“I don’t see any Realtors complaining about us being able to use sold data,” says Matt France, an agent in Vancouver, where sold data is readily accessible by the public. “You sell what you have. If the public has access to it, you have to find your value in other ways.”
Real estate professionals in the Greater Vancouver Area have not ceased to exist since B.C. Assessment made the data available to the public. Buyers and sellers continue to use the services of licensed real estate agents – for-sale-by-owner listings are even less common on the west coast.
“I don’t think that data being protected or kept private has a lot of impact on consumer behaviour,” says Brad Gannon, an agent in Burnaby, B.C. “(Clients) are still looking at a Realtor for our analysis of the data.”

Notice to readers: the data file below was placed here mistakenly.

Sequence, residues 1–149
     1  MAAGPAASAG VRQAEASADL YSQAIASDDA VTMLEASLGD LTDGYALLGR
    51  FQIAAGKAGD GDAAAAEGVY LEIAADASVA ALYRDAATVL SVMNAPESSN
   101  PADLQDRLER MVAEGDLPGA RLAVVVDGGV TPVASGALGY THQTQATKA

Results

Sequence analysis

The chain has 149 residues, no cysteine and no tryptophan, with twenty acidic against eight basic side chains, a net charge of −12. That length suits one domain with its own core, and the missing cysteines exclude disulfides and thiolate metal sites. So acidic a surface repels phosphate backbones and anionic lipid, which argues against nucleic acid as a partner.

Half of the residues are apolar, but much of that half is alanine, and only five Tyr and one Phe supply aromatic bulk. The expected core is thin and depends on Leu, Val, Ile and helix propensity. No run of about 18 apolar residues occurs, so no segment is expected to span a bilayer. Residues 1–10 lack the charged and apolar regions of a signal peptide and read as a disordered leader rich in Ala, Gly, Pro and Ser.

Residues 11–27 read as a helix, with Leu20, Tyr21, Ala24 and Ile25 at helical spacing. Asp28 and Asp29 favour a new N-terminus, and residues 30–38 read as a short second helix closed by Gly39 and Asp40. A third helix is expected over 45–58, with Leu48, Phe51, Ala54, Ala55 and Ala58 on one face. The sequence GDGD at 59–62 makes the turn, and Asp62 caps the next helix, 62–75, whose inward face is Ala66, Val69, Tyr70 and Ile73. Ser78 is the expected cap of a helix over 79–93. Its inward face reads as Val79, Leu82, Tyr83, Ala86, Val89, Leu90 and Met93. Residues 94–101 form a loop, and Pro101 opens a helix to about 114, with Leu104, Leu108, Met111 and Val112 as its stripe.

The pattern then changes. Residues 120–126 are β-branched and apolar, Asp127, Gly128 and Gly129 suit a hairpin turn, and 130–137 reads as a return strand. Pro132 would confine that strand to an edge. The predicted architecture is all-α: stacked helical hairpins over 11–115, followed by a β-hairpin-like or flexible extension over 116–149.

Those agents in the Greater Toronto Area who are for the publication of the data have also pointed to sales reps’ value-add, which they say goes far beyond being gatekeepers of the information housed on the MLS.
“On a go-forward basis, we Realtors should be interpreters of information, not gatekeepers,” says David Fleming, an agent in Toronto. “It’s not our job to safeguard this information. The public will have access to it [eventually], our job is to advise and guide, not to hold back the information. There’s no real value in that.”
Back in Vancouver, though, Gannon says the market is so active that sold data all but requires a professional to understand.
“Our market is kind of unique,” he says. “Sold data from six months ago could be out of date. (Clients) need us to say what the data is this month, this week – it’s that volatile.”
Toronto-area agents bemoaning the pitfalls of public sold data might take a page from one Canadian market where public data is already a reality – and where, in fact, the sky hasn’t fallen.